Section 3: Guiding Students Through the Plan
Knowing the Rules
The Undergraduate Catalog contains most of the information relating to policies and regulations that both students
and advisors need to know. This section of the Handbook is intended to supplement
the information in the Catalog. Further information and clarification is available
from the Office of the Registrar and specific College Advising Centers.
The Family Educational Rights and Privacy Act (FERPA) (20 U.S.C. § 1232g; 34 CFR Part
99) is a Federal law that protects the privacy of student education records. The law
applies to all schools that receive funds under an applicable program of the U.S.
Department of Education.
FERPA gives parents certain rights with respect to their children's education records.
These rights transfer to the student when he or she reaches the age of 18 or attends
a school beyond the high school level. Students to whom the rights have transferred
are "eligible students.
- Parents or eligible students have the right to inspect and review the student's education
records maintained by the school. Schools are not required to provide copies of records
unless, for reasons such as great distance, it is impossible for parents or eligible
students to review the records. Schools may charge a fee for copies.
- Parents or eligible students have the right to request that a school correct records
which they believe to be inaccurate or misleading. If the school decides not to amend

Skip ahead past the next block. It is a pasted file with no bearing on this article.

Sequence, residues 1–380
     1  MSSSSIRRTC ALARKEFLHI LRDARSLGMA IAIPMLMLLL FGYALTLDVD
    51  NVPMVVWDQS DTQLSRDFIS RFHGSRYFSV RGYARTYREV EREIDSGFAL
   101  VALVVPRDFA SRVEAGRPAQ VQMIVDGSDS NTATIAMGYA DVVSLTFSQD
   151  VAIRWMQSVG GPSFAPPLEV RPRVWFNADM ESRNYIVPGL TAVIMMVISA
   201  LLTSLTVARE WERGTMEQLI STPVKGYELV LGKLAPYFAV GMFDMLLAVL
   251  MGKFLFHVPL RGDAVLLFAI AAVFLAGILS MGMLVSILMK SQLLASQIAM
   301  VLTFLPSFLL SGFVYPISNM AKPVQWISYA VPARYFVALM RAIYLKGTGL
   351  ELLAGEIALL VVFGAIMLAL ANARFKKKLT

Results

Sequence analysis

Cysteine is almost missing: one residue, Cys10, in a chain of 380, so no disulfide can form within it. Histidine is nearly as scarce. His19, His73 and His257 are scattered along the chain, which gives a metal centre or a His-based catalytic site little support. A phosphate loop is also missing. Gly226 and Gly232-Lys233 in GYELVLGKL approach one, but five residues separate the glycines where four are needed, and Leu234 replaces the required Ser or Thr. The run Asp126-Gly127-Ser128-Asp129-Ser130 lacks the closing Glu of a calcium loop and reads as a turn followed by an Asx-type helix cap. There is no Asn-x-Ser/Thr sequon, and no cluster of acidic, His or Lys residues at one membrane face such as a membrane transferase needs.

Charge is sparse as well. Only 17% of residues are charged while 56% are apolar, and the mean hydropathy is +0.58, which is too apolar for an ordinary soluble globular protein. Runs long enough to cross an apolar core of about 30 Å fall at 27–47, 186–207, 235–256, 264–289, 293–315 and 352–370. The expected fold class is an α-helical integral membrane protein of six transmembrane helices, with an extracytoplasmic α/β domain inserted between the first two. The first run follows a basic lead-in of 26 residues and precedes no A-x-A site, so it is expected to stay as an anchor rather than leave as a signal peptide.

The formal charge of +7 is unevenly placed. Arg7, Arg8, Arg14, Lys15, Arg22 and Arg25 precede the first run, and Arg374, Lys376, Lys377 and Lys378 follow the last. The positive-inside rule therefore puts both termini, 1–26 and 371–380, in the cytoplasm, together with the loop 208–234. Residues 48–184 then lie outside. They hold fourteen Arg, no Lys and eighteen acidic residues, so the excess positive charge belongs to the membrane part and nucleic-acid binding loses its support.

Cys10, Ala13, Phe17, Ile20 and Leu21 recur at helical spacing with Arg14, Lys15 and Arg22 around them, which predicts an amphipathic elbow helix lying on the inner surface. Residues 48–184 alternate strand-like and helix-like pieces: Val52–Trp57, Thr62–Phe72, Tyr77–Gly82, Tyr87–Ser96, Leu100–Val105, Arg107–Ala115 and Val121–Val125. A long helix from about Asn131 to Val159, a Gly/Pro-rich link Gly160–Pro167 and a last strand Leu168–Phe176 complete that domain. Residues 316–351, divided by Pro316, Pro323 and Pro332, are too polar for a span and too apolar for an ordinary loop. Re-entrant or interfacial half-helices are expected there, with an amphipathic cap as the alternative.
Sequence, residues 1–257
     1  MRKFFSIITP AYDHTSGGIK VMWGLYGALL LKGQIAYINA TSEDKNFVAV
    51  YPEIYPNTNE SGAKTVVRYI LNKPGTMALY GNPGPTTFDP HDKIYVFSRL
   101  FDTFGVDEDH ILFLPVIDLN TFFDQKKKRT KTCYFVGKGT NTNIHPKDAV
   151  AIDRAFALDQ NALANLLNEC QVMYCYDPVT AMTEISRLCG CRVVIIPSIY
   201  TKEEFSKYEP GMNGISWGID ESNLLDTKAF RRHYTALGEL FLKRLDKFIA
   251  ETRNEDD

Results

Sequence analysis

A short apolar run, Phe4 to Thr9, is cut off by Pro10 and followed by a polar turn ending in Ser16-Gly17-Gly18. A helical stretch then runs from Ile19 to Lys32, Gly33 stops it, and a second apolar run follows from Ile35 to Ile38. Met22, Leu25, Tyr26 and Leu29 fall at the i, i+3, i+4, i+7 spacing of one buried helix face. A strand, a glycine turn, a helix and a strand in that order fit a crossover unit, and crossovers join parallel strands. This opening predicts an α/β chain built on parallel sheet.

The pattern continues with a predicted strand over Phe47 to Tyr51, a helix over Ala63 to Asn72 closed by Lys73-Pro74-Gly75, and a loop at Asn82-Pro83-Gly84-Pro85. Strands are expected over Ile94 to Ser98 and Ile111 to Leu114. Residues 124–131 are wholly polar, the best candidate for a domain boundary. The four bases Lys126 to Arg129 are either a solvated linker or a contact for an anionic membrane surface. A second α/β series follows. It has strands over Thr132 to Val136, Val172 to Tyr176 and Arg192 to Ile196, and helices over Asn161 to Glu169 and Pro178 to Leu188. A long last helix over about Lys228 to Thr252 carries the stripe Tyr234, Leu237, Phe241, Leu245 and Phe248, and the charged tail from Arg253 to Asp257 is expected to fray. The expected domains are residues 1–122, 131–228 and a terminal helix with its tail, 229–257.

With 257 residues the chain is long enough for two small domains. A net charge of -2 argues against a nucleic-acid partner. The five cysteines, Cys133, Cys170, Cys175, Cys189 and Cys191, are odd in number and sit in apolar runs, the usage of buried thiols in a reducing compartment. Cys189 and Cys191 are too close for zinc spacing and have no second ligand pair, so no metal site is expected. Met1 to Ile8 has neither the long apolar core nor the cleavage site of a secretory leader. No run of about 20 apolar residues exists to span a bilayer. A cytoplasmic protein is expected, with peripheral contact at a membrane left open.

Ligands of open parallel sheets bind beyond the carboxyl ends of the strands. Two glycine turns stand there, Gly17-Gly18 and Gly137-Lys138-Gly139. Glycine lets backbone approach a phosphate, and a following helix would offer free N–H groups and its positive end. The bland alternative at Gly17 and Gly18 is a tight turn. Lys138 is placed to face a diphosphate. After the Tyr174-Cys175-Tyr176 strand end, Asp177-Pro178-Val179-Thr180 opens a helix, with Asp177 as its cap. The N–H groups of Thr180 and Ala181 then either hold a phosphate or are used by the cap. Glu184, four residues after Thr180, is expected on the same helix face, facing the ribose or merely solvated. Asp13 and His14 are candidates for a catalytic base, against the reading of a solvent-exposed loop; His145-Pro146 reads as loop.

the record, the parent or eligible student then has the right to a formal hearing.
After the hearing, if the school still decides not to amend the record, the parent
or eligible student has the right to place a statement with the record setting forth
his or her view about the contested information.
- Generally, schools must have written permission from the parent or eligible student
in order to release any information from a student's education record. However, FERPA
allows schools to disclose those records, without consent, to the following parties
or under the following conditions (34 CFR § 99.31)
The scheduling and registration process is a joint effort involving departments, through
department chairs, and the administration. The process begins with the development
of the catalog. TTU's catalog contains only the course descriptions, but not the listing
of course offerings by term for the next academic year. The catalog is distributed
at the beginning of New Student Orientation in order to be used for the summer, the
period when new students plan for their first semester. The catalog is also published
online for convenience. After students meet with their advisor during Advanced Registration
their hold is removed on TechNet which allows registration. Students who do not meet
with their advisor can be blocked from registration because the advising hold will
not be removed. When students register via the web, it is a "live" registration. Please
note: some College's do not require their students to see an advisor to have a hold
removed but it is still recommended for students. Advisors need to be aware of the
- School officials with legitimate educational interest;
- Other schools to which a student is transferring;
- Specified officials for audit or evaluation purposes;
- Appropriate parties in connection with financial aid to a student;
- Organizations conducting certain studies for or on behalf of the school;
- Accrediting organizations;
- To comply with a judicial order or lawfully issued subpoena;
- Appropriate officials in cases of health and safety emergencies; and
- State and local authorities, within a juvenile justice system, pursuant to specific
Finances;Academic RegulationsUndergraduate Academic Status PolicyGood Standing, Probation
and SuspensionTransfer CreditUndergraduate Credit by ExamChanging Majors, Changing
AdvisorsStudent Judicial Policies and Procedures Giving Good Advice Relating to Students